Tag Archives: Alenia Aermacchi

[Photo] M-346 Advanced Jet Trainer flies with three fuel tanks

The M-346 “Master” Advanced Combat Trainer is getting a new type of fuel tank.

Taken at Decimomannu airbase by The Aviationist’s contributor Gian Luca Onnis, the above picture shows an M-346 “Master” advanced combat trainer carrying three 630l (450kg) external fuel tanks

Interestingly, the shape of the fuel tanks is different from that of the drop tanks initially carried by the Master prototypes (as those shown in the image below) which resembled th 500l (380kg) type carried on outer wing pylons by Italian Air Force AMX light fighter bombers.

Previous tanks

Although the new type of tank was showcased as part of the external loads of the M-346 at international air shows in the past, the plane was rarely spotted flying with this kind of tanks, let alone three of them.

The M-346 has been selected by the Italian Air Force, the Republic of Singapore Air Force, Polish Air Force, and the Israeli Air Force that will use the “Master” to replace the A-4 Skyhawks.

Image credit: Gian Luca Onnis

[Photo] Israel’s new advanced trainer aircraft rolled out

The first M-346 advanced trainer in the colors of the Israeli Air & Space Force was rolled out at Alenia Aermacchi’s plant in Venegono Superiore, Italy.

The first of 30 M-346 advanced jet trainer aircraft selected by the Israeli Air Force to replace the TA-4 Skyhawk currently operated by the IAF was presented to the authorities on Mar. 20.

The first M-346 is expected to be delivered to the IAF in summer 2014.

The “Master” has also been recently ordered by Poland, the fourth customer of the advanced trainer that is already in service with the Italian and Republic of Singapore Air Force. A total of 56 M-346 have been ordered so far.

Image credit: Alenia Aermacchi

 

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U.S. Coast Guard to get 14 C-27J planes the Air Force was about to mothball

U.S. Coast Guard finally got authorization to acquire the last 14 Alenia Aermacchi C-27J Spartan that the USAF was going to mothball, through an intra service transfer.

Ever since the Air Force announced back in 2012 that they were mothballing the entire fleet of C-27Js to save money, the Coast Guard, US Forest Service and US SOCOM (Special Operations Command) have all been eyeing either part of or all of the remaining fleet of. Back in October of 2013 SOCOM was authorized to receive 7 of the cargo planes to replace its fleet of CASA 212 aircraft.

The 14 C-27Js will supplement a fleet of 15 CH-144s: the USCG had originally ordered 36 of the CH-144s but halved the order once they learned that they could acquire the C-27Js directly from the Air Force at no cost.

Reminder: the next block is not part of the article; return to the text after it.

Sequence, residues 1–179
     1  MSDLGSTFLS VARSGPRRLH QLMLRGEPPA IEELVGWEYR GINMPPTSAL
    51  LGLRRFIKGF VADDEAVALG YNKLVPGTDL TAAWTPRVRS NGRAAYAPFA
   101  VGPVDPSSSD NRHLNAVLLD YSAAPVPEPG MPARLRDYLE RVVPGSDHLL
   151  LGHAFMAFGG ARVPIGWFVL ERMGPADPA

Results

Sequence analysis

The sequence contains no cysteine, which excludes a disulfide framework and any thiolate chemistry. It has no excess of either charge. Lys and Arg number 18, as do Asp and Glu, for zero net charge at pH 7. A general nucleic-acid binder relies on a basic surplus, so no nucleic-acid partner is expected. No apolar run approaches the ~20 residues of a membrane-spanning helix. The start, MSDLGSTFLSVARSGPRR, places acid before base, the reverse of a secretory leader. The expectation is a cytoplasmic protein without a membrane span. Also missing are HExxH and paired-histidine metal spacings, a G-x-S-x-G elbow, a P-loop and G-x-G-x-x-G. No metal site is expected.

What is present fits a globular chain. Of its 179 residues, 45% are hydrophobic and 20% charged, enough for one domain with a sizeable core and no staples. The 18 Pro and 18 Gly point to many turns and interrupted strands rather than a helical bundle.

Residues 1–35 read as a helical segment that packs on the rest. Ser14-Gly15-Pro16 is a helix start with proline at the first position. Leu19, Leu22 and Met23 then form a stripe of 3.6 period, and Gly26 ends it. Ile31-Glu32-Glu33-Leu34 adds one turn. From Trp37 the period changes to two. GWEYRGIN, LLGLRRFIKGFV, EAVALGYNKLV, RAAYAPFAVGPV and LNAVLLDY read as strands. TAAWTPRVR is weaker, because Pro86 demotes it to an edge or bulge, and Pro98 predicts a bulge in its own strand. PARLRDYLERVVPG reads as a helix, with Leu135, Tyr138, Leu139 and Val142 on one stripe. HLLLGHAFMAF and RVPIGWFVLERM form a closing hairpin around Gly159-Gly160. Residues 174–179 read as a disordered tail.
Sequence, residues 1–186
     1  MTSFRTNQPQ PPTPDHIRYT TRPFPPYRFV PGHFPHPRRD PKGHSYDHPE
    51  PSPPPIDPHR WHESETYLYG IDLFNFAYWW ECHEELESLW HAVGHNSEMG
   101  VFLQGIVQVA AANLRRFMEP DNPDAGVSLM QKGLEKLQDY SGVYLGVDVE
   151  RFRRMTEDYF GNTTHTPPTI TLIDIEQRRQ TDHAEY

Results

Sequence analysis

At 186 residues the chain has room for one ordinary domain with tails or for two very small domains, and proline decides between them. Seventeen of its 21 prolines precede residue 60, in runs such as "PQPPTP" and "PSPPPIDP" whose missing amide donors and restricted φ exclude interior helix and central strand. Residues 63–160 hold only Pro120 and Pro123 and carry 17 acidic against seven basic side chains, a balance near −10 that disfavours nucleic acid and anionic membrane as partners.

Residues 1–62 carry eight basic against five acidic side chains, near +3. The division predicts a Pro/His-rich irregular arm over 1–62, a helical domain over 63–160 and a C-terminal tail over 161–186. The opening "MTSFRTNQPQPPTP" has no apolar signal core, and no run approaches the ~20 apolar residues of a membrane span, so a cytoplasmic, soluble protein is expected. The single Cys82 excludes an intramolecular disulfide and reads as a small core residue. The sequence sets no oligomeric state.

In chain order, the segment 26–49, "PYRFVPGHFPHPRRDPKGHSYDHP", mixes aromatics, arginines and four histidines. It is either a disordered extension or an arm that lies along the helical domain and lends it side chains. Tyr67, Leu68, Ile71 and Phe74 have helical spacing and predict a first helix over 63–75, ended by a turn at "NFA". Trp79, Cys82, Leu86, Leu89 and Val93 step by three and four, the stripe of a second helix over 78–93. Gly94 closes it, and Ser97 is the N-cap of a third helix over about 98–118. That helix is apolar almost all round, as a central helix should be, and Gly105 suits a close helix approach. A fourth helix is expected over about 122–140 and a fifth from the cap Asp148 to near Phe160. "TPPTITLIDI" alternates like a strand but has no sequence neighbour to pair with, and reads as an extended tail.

In a press release the Coast Guard said that initial flight operations will start with in six to twelve months. Once in operation the Spartans will be used for medium range surveillance, maritime patrol, drug and immigration interdiction, disaster response, and search and rescue.

Also the Coast Guard plans on upgrading all 14 Spartans with tailored mission kits to include surface-search radars, electro-optical sensors and mission suites.

Bjørn Broten for TheAviationist.com

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New photos show Eurofighter Typhoon with Storm Shadow cruise missiles

Started on Nov. 27 at Decimomannu airbase, in Sardinia, flying activity aimed at integrating the MBDA Storm Shadow missile, a 1.300 kg standoff weapon (over 5-mt long), onto Eurofighter Typhoon multi-/swing role aircraft continues.

The Instrumented Production Aircraft 2 (IPA2) Typhoon, updated to the Phase 1 Enhancement standard, carrying two stealthy, long-range precision Storm Shadow missiles was spotted at Deci airbase in the last weeks.

The photographs in this post, taken by The Aviationist contributor Gian Luca Onnis, provide a closer look at the Typhoon configuration, featuring two AIM-9L Sidewinder and AIM-120 AMRAAMs along with the Storm Shadows.

Typhoon SS

Image credit: Gian Luca Onnis

 

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Eurofighter Typhoon flies with Storm Shadow air-launched Cruise Missiles

Integration of the MBDA Storm Shadow missile onto Eurofighter Typhoon multi-/swing role aircraft has started.

Eurofighter and Alenia Aermacchi have released some images of the initial flight trials that began on Nov. 27, by the Alenia Aermacchi Flight Test Center at Decimomannu airbase, in Sardinia, Italy. Such tests, supported by BAE Systems and Cassidians, are aimed to demonstrate that the air-launched cruise missile, already in service with both the Italian Air Force and Royal Air Force Tornado bombers (that used them in the 2011 Libya Air War), can be safely carried by the Typhoon.

The testing campaign involves the Instrumented Production Aircraft 2 (IPA2) updated to the Phase 1 Enhancement standard. The aircraft will conduct flutter tests and air data system large store interference assessment to validate the integration of the new weapon that will give the aircraft a significant capability to employ the stealthy, long-range precision weapon against high value, well defended targets, day or night, in all-weather conditions.

According to Eurofighter, the 1.300 kg standoff weapon (over 5-mt long) will be available to the 7 Typhoon operators (Germany, the United Kingdom, Italy, Spain, Austria, Saudi Arabia and Oman) from 2015 when the Eurofighter Typhoon Phase 2 Enhancements become operational.

Image credit: Eurofighter/Luigino Caliaro

 

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